From Common Dreams: http://www.commondreams.org/view/2011/03/22-6
Why a money system dependent on constant growth can’t last
by David Korten
Published on Tuesday, March 22, 2011 by YES! Magazine
The unrealistic expectation that money should grow effortlessly in perpetuity [see my last blog] is more than an issue of unrealizable expectations. It combines with a Wall Street controlled debt-based money system to create an imperative for the economy to grow the profits of bankers, and thereby the richest among us, to keep the financial system, and thereby the economy, from collapsing.”For too long, we have put up with a money system designed to grow the financial assets of rich people at the expense of assuring continuing cycles of economic boom and bust, confining billions to lives of desperation, and reducing Earth to a toxic waste dump.
It is odd that we experienced a financial collapse in 2008 because of a credit crunch, a shutdown on lending, at a time when the world was already awash in money. BusinessWeek’s July 11, 2005, cover story shouted “Too Much Money” and spoke of a savings glut. Its June 11, 2008, European issue reiterated the theme: “Too Much Money, Inflation Goes Global.”
Most discussion of the financial crisis focuses on the details and misses the big picture. First, much of the money was tied up in the Wall Street casino rather than facilitating productive activity in the real economy and was simply pumping up a phantom wealth bubble. Second, virtually every dollar in the system was borrowed, because in our money system, banks create money by lending it into existence. When this debt is used to inflate financial bubbles and support Ponzi schemes, eventual default is inevitable.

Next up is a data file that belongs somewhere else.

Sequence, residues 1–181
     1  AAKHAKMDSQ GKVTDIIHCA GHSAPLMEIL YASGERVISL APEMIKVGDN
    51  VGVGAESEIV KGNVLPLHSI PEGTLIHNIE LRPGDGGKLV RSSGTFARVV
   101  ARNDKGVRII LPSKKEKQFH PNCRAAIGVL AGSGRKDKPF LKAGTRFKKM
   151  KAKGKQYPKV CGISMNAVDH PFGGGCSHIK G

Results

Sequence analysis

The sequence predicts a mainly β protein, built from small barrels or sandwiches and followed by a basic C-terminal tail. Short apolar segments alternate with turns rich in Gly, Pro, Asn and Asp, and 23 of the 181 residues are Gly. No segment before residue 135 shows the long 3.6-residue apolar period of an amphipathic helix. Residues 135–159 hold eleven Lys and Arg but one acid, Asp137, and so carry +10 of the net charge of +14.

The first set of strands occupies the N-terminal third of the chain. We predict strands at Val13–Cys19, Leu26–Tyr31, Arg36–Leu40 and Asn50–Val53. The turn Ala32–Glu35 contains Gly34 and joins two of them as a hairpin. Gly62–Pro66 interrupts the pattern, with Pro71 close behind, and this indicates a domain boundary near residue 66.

Third, Wall Street and the Federal Reserve are joined in an alliance to keep “wage inflation” below the level of growth in the real cost of living. This assures that the benefits of productivity gains all go to owners rather than being shared with workers. It also keeps inflation confined to financial bubbles that inflate the phantom wealth financial assets of the rich.
Furthermore, it forces the bottom 90 percent of the population—the people who make their living by producing real goods and services—into debt at usurious interest rates to the top 10 percent to cover daily basic daily expenses. Inevitably, the amounts owed exceed the borrower’s ability to repay. The lenders then stop lending and foreclose on the assets of the desperate borrowers.
When a loan is repaid or goes into default, the debt is canceled and the money supply shrinks by that amount. Most loans continue to be repaid, but if new loans are not being issued, the demand for real goods and services falls because people don’t have the money to pay for them. As demand falls, businesses lay off workers, who then join those pushed into default.
The problem appears to be a lack of money, even though the total money in circulation is far more than enough to cover real-wealth exchanges in a rational real-wealth economy. The money, however, is locked up in the Wall Street casino economy rather than circulating in the real Main Street economy. Pouring public bailout money into Wall Street serves only to reflate the bubble. It does nothing to revive the real economy.
Continue reading at: http://www.commondreams.org/view/2011/03/22-6